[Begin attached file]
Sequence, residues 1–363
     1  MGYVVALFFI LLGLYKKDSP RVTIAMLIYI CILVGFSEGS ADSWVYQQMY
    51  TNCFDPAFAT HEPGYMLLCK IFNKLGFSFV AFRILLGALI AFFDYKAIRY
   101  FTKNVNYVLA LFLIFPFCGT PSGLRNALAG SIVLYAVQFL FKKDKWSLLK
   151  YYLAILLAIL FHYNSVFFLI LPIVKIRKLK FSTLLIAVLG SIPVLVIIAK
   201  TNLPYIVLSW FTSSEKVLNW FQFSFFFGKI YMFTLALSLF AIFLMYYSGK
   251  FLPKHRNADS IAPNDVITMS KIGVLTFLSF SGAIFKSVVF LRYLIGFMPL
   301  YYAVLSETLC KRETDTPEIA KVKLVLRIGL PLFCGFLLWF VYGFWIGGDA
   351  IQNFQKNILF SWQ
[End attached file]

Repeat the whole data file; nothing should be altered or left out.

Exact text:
Sequence, residues 1–363
     1  MGYVVALFFI LLGLYKKDSP RVTIAMLIYI CILVGFSEGS ADSWVYQQMY
    51  TNCFDPAFAT HEPGYMLLCK IFNKLGFSFV AFRILLGALI AFFDYKAIRY
   101  FTKNVNYVLA LFLIFPFCGT PSGLRNALAG SIVLYAVQFL FKKDKWSLLK
   151  YYLAILLAIL FHYNSVFFLI LPIVKIRKLK FSTLLIAVLG SIPVLVIIAK
   201  TNLPYIVLSW FTSSEKVLNW FQFSFFFGKI YMFTLALSLF AIFLMYYSGK
   251  FLPKHRNADS IAPNDVITMS KIGVLTFLSF SGAIFKSVVF LRYLIGFMPL
   301  YYAVLSETLC KRETDTPEIA KVKLVLRIGL PLFCGFLLWF VYGFWIGGDA
   351  IQNFQKNILF SWQ